Get ready to hear the name Merrick Garland everywhere. On Wednesday, Obama announced Garland as his Supreme Court nominee, and Google searches about him started spiking.
If you, too, are curious about his background, check out these details.
Who is Merrick Garland?
Garland is a 63-year-old current chief judge of the US Court of Appeals for the DC Circuit. Born in Chicago to a Jewish mother and Protestant father, he was raised as a Jew and referenced his background in his nomination acceptance speech. He has a wife, Lynn, and two daughters, Jessica and Rebecca, who went to Yale.
What does his résumé look like?
The man with "one of America's sharpest minds," as Obama noted, went to Harvard for undergrad and law school, where he graduated magna cum laude in 1977. In Obama's nomination speech, he said Garland got through law school by working as a tutor, stocking shelves at a shoe store, and selling his comic books.
Garland's big professional break came during the Oklahoma City bombing case in 1995 when he coordinated the Justice Department's response. He also started the case against the bombers and supervised their prosecution. Garland has served on the US Court of Appeals for the DC Circuit since 1997.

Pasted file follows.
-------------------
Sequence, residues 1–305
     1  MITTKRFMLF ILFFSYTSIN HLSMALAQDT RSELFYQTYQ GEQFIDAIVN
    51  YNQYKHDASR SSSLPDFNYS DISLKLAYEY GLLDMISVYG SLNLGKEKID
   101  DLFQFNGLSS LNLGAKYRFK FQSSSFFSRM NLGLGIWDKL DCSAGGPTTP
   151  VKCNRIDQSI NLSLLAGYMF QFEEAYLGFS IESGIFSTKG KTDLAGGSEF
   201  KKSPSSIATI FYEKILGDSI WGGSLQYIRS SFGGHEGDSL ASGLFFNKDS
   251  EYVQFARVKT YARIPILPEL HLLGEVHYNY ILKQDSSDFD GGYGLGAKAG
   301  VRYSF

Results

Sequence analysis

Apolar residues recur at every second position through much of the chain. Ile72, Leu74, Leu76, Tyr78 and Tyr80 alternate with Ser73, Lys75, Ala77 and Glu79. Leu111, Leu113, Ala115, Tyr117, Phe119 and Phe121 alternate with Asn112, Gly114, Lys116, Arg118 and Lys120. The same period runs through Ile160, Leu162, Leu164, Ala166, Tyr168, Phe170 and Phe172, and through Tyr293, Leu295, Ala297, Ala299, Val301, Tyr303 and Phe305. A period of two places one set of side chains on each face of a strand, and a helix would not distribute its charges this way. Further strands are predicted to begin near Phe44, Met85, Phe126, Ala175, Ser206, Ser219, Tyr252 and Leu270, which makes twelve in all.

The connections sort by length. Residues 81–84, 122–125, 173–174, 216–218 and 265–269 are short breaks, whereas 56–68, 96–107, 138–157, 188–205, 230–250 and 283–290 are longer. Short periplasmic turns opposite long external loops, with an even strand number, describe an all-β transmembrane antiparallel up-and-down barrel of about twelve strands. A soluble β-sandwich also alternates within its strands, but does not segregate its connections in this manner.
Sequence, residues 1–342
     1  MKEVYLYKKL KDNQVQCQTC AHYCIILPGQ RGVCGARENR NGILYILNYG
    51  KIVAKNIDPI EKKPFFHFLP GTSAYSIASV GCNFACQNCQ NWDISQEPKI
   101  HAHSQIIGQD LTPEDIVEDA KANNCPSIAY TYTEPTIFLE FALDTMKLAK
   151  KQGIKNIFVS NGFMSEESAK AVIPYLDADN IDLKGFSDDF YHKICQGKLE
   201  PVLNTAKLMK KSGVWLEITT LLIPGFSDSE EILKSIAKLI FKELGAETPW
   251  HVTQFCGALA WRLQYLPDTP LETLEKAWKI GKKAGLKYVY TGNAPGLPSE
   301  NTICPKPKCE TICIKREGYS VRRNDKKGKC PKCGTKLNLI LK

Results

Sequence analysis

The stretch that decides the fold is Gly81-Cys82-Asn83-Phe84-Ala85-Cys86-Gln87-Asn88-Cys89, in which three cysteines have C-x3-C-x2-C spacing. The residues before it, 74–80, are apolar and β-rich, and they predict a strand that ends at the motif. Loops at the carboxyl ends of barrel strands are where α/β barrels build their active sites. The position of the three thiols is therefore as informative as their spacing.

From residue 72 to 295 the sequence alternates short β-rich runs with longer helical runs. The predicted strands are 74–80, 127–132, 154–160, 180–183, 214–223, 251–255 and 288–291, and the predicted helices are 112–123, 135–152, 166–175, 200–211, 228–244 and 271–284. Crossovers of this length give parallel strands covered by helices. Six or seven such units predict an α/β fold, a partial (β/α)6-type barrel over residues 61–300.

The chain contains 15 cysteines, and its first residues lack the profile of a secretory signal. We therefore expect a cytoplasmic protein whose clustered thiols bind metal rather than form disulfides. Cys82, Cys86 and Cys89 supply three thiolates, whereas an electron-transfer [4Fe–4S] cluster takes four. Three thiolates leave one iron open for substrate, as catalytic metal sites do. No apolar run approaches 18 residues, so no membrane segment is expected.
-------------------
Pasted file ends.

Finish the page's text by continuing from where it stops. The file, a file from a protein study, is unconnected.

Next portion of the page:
It's not the first time he's been considered for the Supreme Court, either — Obama interviewed Garland in 2010 when he was nominating a justice, but instead chose Justice Elena Kagan.
What's his ideology?
Garland is considered a "moderate liberal" and is widely admired by both parties. Compared to his would-be liberal peers, he is seen as more liberal than Elena Kagan and Stephen Breyer, but less liberal than Ruth Bader Ginsburg and Sonia Sotomayor. On the appeals court, he has had a pro-prosecution stance in criminal cases. Obama said Garland brings a "a spirit of decency, modesty, integrity, even-handedness, and excellence" to his work and hopes this will convince Republican senators to approve his nomination.
Will he be approved?
Garland will meet with senators one-on-one on Thursday to convince them to accept the nomination. Senate majority leader Mitch McConnell says Republicans still won't consider Garland — but some GOP senators have agreed to hear him out.
Plus, many believe that if Hillary Clinton becomes the Democratic nominee, the Republicans will confirm the appointment since they don't want her to choose the next justice. Since this is looking likely for Clinton, there's still plenty of hope for Garland.